Michael Castle: Unsuspecting godfather of the $1 trillion coin solution
Posted by Dylan Matthews on January 4, 2013 at 1:05 pm
The weirdest solution to the impending debt-ceiling crisis is finally having its day in the sun.
As Brad Plumer explained last month, the Treasury secretary has the authority to mint platinum coins of any quantity and denomination. So, hypothetically, Tim Geithner could mint a $2 trillion coin, deposit it in the Treasury’s account at the Federal Reserve, and use that money in lieu of additional borrowing. Suddenly, no one needs to worry if Congress refuses to raise the debt ceiling.
The platinum-coin idea has now been endorsed by the likes of Paul Krugman and Rep. Jerrold Nadler (D-NY). It’s also the subject of a White House petition with 1,730 signatories. The hashtag #mintthecoin, spread by supporters like Business Insider’s Joe Wiesenthal, is catching on, at least among the financial press.
But wait — how did the Treasury secretary ever get this authority? Who would have thought to give it to him, and why?
The story starts in 1995, when Rep. Michael Castle, then the Republican at-large representative for Delaware, took over as head of the House Financial Services subcommittee on domestic and international monetary policy. Issues of coinage were part of that subcommittee’s jurisdiction, and so Castle — who tells me that he personally has never collected coins or previously hadn’t had much interest in coin issues — started working with coin collectors and others to draft legislation on the topic.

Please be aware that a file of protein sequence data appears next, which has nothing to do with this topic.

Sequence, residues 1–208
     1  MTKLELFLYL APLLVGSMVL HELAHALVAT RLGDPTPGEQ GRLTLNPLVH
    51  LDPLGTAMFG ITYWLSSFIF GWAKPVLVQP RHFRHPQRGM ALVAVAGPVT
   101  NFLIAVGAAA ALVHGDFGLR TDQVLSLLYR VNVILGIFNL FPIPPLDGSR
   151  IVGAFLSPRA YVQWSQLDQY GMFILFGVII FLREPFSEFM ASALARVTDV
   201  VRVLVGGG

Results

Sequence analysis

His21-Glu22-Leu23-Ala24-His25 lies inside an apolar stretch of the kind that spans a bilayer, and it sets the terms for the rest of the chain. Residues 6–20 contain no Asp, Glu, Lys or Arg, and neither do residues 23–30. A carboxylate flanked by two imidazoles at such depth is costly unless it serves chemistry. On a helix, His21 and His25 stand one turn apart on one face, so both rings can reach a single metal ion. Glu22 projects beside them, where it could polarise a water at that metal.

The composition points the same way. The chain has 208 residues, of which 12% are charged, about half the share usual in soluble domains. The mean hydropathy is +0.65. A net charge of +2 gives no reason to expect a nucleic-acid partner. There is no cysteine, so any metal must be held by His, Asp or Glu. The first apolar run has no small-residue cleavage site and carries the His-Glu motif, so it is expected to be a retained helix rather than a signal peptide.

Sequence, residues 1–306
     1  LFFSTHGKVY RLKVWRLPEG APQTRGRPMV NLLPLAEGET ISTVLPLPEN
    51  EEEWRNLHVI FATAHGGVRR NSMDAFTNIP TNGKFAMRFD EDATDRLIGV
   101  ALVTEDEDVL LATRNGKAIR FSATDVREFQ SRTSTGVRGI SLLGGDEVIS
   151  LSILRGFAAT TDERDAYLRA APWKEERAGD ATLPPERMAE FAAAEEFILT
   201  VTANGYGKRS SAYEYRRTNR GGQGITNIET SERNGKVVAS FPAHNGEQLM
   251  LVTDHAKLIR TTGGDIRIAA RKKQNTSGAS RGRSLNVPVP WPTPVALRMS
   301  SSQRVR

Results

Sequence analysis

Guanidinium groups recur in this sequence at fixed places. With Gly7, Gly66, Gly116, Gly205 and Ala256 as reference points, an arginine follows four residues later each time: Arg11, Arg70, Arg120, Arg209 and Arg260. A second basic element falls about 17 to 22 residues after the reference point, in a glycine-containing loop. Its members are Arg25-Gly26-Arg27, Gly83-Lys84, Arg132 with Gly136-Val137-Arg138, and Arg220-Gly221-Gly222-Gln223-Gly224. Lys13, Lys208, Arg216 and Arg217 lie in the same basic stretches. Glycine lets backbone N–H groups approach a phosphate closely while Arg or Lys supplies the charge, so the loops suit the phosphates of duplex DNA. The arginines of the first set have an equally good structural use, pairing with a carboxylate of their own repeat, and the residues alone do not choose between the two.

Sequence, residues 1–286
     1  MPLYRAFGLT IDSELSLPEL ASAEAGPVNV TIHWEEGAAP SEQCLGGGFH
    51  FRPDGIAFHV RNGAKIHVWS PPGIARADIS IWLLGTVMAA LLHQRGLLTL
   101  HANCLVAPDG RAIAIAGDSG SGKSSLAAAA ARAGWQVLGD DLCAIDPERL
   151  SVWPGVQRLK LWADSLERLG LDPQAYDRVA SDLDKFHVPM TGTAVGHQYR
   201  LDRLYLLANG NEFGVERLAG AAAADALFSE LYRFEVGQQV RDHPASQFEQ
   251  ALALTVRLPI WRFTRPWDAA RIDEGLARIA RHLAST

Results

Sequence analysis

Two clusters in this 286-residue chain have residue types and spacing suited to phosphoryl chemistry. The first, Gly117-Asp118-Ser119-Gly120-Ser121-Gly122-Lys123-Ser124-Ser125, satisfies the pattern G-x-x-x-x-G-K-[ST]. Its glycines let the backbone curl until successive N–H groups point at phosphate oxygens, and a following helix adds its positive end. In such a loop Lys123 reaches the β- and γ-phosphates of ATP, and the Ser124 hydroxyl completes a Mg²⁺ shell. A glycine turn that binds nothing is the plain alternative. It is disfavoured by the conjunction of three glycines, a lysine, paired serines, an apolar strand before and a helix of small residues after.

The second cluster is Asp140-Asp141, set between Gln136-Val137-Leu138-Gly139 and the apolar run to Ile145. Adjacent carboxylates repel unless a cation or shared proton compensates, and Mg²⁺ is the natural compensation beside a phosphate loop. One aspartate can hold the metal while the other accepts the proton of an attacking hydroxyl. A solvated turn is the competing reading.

Castle’s biggest accomplishment in the role was the 50-state quarter program, which involved issuing 50 differently designed quarters in the order the states were admitted to the Union (it isn’t a coincidence that Castle’s home state of Delaware was the first admitted). But he also drafted a bill, the Commemorative Coin Authorization and Reform Act of 1995, that included this provision:
Notwithstanding any other provision of law, the Secretary of the Treasury may mint and issue platinum coins in such quantity and of such variety as the Secretary determines to be appropriate.
The logic, Castle tells me, was to enable the Treasury to put out collectable platinum coins of a variety of sizes. At the time, collectors had complained that the smallest platinum coins available were too expensive, a problem the bill was supposed to enable the Treasury to correct. “The investment community wanted flexibility to make fractional coins,” Castle explains. “People couldn’t afford the $600 investment, so they wanted the flexibility to put in smaller coinage so that people could collect them.”